By: Chris Kelley, this article originally appeared in the April issue of Boston SENIORITY Magazine
If you are one of the million or so people trying to get rid of a timeshare, a word of warning: proceed with extreme caution. The Better Business Bureau has listed the timeshare resale market as one of the top ten scams in the country.
With the weak economy, many timeshare owners, especially retired folks, can no longer afford to take regular vacations or pay their annual maintenance fees. They become desperate to recoup the money they spent, which makes them vulnerable to the scammers who, like sharks, can smell blood.
A close call
Take the story of Noah Wolf, as reported in Boston.com. After listing his timeshare, Noah was approached by a fictitious Boston company called Property Consultant Services. The company claimed to have a buyer offering double the appraised value for Noah’s timeshare. All Noah had to do was pay $1,092 in advance for a title search. Not to worry though, Noah was told, the money he put up would be held by an escrow company, which was also fictitious.
Luckily Noah saw through the scheme, even though the company claimed to have offices in the glass-and-steel skyscraper safest ways to get rid of their unwanted timeshares.
The biggest clue this was a scam? A demand for up-front cash, says Brent Maggio, an owner of Timeshare Specialists, a BBB certified company based in Montana that freely educates timeshare owners about the best and safest ways to get rid of their unwanted timeshares.
Not so lucky
Not everyone is as fortunate as Noah. Esther Bilicki lost more than $15,000 in a timeshare scam that claimed more than 1,400 victims with over $2 million in losses, as reported on CBS46.com.
And Earl Nelson, a retired Greyhound bus driver from Idaho, lost $40,000 to timeshare scammers; as reported on KBOI2.com. Earl had a timeshare for sale in Orlando and was initially relieved when a selling agent called with a buyer.
“Even though you may have listed your property on safe websites with proven track records, get ready to be bombarded by fake brokers and buyers,” Maggio says. “These people have no interest in your timeshare, just your money.”
In Earl’s case, the broker told him the buyer was a U.S. Citizen living in Nicaragua. Immediately after convincing Earl to wire about $20,000 to cover taxes from the sale, the broker said there was another problem—a mistake on the international paperwork. Someone posing as an IRS agent then called Earl. Thinking he was in trouble with the government, Earl continued to wire money in hopes of clearing his name. He eventually realized he was being robbed and called the FBI, but not before his retirement fund was drained.
Even if you start off suspicious of potential scammers, a good con artist will help you get over your skepticism. They create professional looking websites, business cards and phone numbers, disguise their IP addresses and even pose as real people from legitimate companies and organizations.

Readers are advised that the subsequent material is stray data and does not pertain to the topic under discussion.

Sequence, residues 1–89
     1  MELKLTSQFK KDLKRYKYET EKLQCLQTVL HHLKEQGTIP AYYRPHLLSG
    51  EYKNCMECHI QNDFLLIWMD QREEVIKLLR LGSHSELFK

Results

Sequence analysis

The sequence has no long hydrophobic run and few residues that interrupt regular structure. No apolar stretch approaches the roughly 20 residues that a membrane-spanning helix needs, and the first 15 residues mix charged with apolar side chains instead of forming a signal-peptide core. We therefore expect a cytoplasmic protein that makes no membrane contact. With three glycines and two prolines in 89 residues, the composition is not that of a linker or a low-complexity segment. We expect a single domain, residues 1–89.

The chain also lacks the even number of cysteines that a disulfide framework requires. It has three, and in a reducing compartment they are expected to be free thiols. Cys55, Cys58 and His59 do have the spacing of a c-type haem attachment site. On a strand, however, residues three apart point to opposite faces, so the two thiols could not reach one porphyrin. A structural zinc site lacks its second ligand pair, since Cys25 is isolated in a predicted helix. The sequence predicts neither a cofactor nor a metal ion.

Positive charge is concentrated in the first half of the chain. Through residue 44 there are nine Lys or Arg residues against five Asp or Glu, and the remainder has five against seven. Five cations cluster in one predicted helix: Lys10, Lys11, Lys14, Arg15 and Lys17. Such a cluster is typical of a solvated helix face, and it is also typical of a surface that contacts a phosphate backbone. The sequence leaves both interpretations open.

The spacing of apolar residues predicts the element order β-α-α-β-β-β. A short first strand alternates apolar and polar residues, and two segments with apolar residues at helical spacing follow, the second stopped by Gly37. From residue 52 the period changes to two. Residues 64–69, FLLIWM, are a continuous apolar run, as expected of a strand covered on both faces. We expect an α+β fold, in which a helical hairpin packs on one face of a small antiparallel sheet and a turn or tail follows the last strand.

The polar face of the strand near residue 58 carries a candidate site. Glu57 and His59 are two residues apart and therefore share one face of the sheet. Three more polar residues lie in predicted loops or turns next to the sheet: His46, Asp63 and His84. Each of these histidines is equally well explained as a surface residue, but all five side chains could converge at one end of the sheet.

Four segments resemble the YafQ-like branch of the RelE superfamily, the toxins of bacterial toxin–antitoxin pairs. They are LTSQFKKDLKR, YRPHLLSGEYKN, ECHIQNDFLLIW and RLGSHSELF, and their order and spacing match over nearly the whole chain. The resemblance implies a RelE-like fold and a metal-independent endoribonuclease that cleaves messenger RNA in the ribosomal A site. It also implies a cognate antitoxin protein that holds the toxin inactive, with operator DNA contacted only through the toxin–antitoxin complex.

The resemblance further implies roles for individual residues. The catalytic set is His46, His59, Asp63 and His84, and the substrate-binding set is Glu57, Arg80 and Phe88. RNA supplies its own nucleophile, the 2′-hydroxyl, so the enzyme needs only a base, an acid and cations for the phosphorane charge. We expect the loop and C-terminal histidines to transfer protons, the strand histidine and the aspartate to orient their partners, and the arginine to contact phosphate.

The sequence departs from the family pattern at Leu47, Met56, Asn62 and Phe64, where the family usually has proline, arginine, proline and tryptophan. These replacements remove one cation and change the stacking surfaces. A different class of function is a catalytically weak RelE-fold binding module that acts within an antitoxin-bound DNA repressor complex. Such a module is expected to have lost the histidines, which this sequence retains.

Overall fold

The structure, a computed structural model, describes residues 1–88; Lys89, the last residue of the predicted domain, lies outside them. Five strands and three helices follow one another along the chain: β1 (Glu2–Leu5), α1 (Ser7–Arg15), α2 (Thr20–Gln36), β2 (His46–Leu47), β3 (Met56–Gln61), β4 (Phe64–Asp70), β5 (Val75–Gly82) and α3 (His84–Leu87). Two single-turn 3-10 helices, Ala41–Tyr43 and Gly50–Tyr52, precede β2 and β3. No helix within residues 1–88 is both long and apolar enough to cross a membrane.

And they’ll come at you from all angles. Here’s a tricky one. After you think you’ve sold your timeshare, the con-artist will send you a cashier’s check that’s accidentally made out for too much. The scammer will actually tell you to cash it, but please send back the excess. Days later, you’ll learn the buyer and the cashier’s check were phony—and you’ll be out hundreds, sometimes thousands of dollars.
“If you get scammed, don’t be surprised if someone calls saying they can help recover your losses,” Maggio warns. “It’s probably the same person who scammed you the first time.”
Playing it safe
After hearing countless heartbreaking stories of scams from distraught timeshare owners, Maggio and his partners at Resort
Closings Inc., an escrow and timeshare closing company with an A+ rating from the BBB, decided to start Timeshare Specialists.
“It was a way to educate sellers on the scams and to present them with positive alternatives for getting rid of their timeshares,” Maggio says. “It is important they know that they have options like donating it to a charity.”
In some cases a timeshare is in such low demand that it’s nearly worthless. In those cases, Maggio says, Timeshare Specialists offers a guaranteed transfer program, where his company will creatively market the week to new owners with incentives like free usage. Owners do have to pay for these services, but nothing is due until the timeshare is sold and transferred to a new owner, just like a normal real estate closing.
“These services are in high demand,” Maggio says. “Once you list a week, the scam calls will start coming in. Even if you can weed out the conmen, selling a timeshare is still a complicated and time consuming process that some owners want to avoid altogether.”
For more free advice about scams as well as alternative solutions to the timeshare resale market visit www.Timesharespecialists.com.
Chris Kelley is a freelance writer who hates scams, scammers and the very thought of anyone getting scammed. You can contact him at email@example.com.